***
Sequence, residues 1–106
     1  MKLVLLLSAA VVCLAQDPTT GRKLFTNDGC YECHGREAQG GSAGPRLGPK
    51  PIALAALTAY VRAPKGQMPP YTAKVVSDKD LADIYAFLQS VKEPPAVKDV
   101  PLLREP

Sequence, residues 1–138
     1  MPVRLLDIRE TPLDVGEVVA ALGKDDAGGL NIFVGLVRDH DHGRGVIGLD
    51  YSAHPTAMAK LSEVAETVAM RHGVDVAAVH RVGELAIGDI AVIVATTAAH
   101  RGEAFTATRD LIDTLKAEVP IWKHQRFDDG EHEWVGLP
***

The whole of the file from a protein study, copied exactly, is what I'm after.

Sequence, residues 1–106
     1  MKLVLLLSAA VVCLAQDPTT GRKLFTNDGC YECHGREAQG GSAGPRLGPK
    51  PIALAALTAY VRAPKGQMPP YTAKVVSDKD LADIYAFLQS VKEPPAVKDV
   101  PLLREP

Sequence, residues 1–138
     1  MPVRLLDIRE TPLDVGEVVA ALGKDDAGGL NIFVGLVRDH DHGRGVIGLD
    51  YSAHPTAMAK LSEVAETVAM RHGVDVAAVH RVGELAIGDI AVIVATTAAH
   101  RGEAFTATRD LIDTLKAEVP IWKHQRFDDG EHEWVGLP